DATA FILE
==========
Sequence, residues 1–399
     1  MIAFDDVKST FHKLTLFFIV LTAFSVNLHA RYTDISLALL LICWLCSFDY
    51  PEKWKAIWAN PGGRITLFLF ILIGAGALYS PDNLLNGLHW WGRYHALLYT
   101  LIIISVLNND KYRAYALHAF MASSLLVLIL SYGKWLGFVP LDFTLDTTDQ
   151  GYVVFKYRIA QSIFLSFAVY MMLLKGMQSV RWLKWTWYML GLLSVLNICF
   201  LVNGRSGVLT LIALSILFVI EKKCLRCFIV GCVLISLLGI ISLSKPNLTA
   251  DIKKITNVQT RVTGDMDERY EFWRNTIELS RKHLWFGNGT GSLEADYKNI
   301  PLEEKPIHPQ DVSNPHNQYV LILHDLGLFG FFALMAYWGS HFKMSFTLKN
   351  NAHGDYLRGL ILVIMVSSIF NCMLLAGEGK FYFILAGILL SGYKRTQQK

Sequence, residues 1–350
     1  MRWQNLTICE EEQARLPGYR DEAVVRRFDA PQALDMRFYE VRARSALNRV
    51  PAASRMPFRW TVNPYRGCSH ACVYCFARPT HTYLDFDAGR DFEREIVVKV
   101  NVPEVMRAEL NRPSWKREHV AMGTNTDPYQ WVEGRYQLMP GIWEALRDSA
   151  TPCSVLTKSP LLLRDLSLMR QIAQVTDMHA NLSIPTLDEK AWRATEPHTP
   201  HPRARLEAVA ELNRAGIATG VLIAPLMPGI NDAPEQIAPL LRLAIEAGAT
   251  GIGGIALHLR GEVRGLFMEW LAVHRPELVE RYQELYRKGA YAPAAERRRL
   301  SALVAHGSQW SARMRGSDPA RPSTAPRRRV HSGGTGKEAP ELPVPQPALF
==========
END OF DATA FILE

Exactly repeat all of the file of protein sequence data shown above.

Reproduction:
Sequence, residues 1–399
     1  MIAFDDVKST FHKLTLFFIV LTAFSVNLHA RYTDISLALL LICWLCSFDY
    51  PEKWKAIWAN PGGRITLFLF ILIGAGALYS PDNLLNGLHW WGRYHALLYT
   101  LIIISVLNND KYRAYALHAF MASSLLVLIL SYGKWLGFVP LDFTLDTTDQ
   151  GYVVFKYRIA QSIFLSFAVY MMLLKGMQSV RWLKWTWYML GLLSVLNICF
   201  LVNGRSGVLT LIALSILFVI EKKCLRCFIV GCVLISLLGI ISLSKPNLTA
   251  DIKKITNVQT RVTGDMDERY EFWRNTIELS RKHLWFGNGT GSLEADYKNI
   301  PLEEKPIHPQ DVSNPHNQYV LILHDLGLFG FFALMAYWGS HFKMSFTLKN
   351  NAHGDYLRGL ILVIMVSSIF NCMLLAGEGK FYFILAGILL SGYKRTQQK

Sequence, residues 1–350
     1  MRWQNLTICE EEQARLPGYR DEAVVRRFDA PQALDMRFYE VRARSALNRV
    51  PAASRMPFRW TVNPYRGCSH ACVYCFARPT HTYLDFDAGR DFEREIVVKV
   101  NVPEVMRAEL NRPSWKREHV AMGTNTDPYQ WVEGRYQLMP GIWEALRDSA
   151  TPCSVLTKSP LLLRDLSLMR QIAQVTDMHA NLSIPTLDEK AWRATEPHTP
   201  HPRARLEAVA ELNRAGIATG VLIAPLMPGI NDAPEQIAPL LRLAIEAGAT
   251  GIGGIALHLR GEVRGLFMEW LAVHRPELVE RYQELYRKGA YAPAAERRRL
   301  SALVAHGSQW SARMRGSDPA RPSTAPRRRV HSGGTGKEAP ELPVPQPALF